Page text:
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Politics : World Affairs Discussion

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To: swiveled-eyed loon who wrote (1591)8/28/2002 6:16:13 AM
From: GUSTAVE JAEGER  Read Replies (1) of 3959
Follow-up to my post #1593:

Don't miss the snippet on the trade in steel between Japan and China... and then, think again about the current tariff war between the US and Europe --as I once predicted, China's gonna take the slack out of her "natural" trading partners whereas Europe's gonna get stuck with shiploads of steel....

But although more modest export growth to the U.S. would be economically inconvenient for East Asia, it would not be catastrophic. While the U.S. remains the region's single-biggest export market, it is by no means the only one. Trade within Asia is increasingly important and China in particular is fast emerging as a key trading partner for countries across the region.

"China could become the Brazil of Asia: a continental-size economy with an open domestic market," says Cliff Tan, director of Asia-Pacific economic and market analysis at Citibank in Singapore.

Although China's absolute size as an export market remains small compared to the U.S., the speed at which it is developing is breathtaking. Last year--a year in which global trade contracted by 1% and in which China slapped punitive tariffs on Japanese cars, mobile phones and air-conditioners--Japan's exports to China jumped by 15% in yen terms. According to the Japan External Trade Organization, China has become Japan's second most important export market, up from fourth place the previous year.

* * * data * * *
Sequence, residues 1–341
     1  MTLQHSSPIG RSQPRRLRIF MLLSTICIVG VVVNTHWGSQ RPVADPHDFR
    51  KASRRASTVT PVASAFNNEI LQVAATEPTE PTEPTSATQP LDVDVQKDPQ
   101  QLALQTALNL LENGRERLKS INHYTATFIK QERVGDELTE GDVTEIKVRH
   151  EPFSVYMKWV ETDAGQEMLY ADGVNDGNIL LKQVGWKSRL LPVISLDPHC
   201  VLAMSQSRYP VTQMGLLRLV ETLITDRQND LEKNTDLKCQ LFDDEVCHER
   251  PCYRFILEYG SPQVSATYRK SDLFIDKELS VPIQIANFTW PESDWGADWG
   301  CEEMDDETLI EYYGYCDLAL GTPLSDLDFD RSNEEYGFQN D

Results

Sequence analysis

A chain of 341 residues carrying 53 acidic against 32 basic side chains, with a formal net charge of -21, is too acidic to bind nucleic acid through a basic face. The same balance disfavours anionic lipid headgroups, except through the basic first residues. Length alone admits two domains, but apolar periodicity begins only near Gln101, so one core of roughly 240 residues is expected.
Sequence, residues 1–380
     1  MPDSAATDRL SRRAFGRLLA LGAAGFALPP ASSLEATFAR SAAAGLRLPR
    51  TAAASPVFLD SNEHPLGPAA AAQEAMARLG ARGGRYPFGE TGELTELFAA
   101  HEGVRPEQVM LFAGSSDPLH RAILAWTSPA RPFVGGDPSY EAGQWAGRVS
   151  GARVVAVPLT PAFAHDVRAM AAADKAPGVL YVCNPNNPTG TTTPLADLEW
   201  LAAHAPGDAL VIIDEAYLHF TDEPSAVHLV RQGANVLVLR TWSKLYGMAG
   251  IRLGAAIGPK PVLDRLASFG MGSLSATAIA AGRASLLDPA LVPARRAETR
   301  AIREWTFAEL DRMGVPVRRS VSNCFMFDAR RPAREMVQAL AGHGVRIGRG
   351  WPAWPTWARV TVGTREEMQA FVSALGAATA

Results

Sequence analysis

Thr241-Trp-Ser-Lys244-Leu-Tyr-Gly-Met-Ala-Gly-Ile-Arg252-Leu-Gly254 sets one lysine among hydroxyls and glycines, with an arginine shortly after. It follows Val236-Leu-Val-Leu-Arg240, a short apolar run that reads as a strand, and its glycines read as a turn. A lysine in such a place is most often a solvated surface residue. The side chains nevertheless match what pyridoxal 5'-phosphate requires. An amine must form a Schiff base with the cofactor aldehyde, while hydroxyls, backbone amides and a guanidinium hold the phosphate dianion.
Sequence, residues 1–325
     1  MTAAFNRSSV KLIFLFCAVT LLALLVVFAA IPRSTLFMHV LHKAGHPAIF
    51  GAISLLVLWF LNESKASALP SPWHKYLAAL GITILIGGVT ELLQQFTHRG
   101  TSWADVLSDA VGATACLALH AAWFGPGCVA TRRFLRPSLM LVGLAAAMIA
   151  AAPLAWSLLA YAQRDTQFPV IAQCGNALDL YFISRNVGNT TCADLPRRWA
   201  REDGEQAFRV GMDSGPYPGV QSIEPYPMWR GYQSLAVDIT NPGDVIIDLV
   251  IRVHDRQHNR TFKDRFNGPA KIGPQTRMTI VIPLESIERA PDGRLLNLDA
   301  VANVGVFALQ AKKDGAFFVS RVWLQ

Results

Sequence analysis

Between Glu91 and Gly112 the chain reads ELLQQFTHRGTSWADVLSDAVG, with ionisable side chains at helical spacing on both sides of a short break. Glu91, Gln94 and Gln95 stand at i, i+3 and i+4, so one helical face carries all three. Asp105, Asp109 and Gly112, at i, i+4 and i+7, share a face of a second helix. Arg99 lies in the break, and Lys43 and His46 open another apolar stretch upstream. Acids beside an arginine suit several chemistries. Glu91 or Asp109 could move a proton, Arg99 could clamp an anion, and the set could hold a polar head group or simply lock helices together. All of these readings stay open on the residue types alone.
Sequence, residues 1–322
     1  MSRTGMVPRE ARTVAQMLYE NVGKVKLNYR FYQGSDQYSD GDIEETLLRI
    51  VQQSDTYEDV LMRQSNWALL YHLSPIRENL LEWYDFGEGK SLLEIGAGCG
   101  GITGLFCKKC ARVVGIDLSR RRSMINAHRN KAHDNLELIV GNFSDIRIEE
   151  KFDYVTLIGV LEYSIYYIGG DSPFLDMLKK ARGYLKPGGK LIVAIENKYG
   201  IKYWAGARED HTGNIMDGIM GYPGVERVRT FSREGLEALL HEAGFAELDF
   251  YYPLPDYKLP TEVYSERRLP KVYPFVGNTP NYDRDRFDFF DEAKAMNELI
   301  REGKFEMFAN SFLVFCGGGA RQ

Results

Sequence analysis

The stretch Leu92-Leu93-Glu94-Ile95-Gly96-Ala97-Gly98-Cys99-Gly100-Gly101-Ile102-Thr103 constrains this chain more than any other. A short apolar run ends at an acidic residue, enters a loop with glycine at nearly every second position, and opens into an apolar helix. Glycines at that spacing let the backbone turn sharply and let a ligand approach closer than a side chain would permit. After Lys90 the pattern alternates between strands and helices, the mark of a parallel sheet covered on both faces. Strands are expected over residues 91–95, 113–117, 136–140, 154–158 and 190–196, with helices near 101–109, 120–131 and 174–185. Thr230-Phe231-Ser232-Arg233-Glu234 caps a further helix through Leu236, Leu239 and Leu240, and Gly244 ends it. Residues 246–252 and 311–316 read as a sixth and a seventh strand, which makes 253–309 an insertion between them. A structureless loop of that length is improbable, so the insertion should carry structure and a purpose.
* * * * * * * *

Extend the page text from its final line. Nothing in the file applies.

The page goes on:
And the trend is continuing this year. "Look at Japanese steel exports to China. They've gone completely ballistic," says Jesper Koll, first vice-president at Merrill Lynch in Tokyo. Sure enough, sales of Japanese-made steel to China more than doubled in June compared to the same month last year, the 12th monthly increase in a row.

And it's not just Japanese exporters who are benefiting from soaring Chinese demand. "China is by far the fastest-growing major export market for South-east Asia," says Steve Brice, chief economist at Standard Chartered Bank in Singapore. In the year to March, he says, Southeast Asia's seasonally adjusted exports to China grew by 9%. Over the same period the region's shipments to the U.S. dropped by 12%, while exports to Europe fell 18%.

Even so, many economists remain sceptical about China's ability to emerge as an engine of intraregional trade. China's importance, they say, is as a low-cost processing centre assembling imported goods for re-export, more often than not, to the U.S. If U.S. import demand slows, so will China's, they maintain.

That's only partly true. According to Rob Subbaraman and Graham Parry, regional economists at Lehman Brothers in Tokyo, the bulk of China's 10% rise in imports over the first half of this year was fuelled by a 20% surge in demand for goods destined for re-export.

But, significantly, the strongest demand growth for China's exports came not from the U.S. or Europe, but from elsewhere within Asia. China's shipments to the rest of Asia (ex-Japan) rose 21%, they note, stronger than the 19% rise in exports to the U.S. "China is more and more the epicentre of intraregional trade," says Subbaraman.

And that intraregional trade is looking a lot more robust. Although roughly half of imports by countries in the region consist of raw materials and part-processed goods, which are highly dependent on external demand from the U.S. and Europe, around 30% are capital goods and 20% consumer products, both of which rely far more on locally generated demand.

In all, Subbaraman and Parry estimate that between one-third and a half of Asia's intraregional trade is reliant on demand from within the region, meaning that domestic-demand-driven intraregional trade stands ready to act as a powerful buffer to any moderation in export demand from the U.S.
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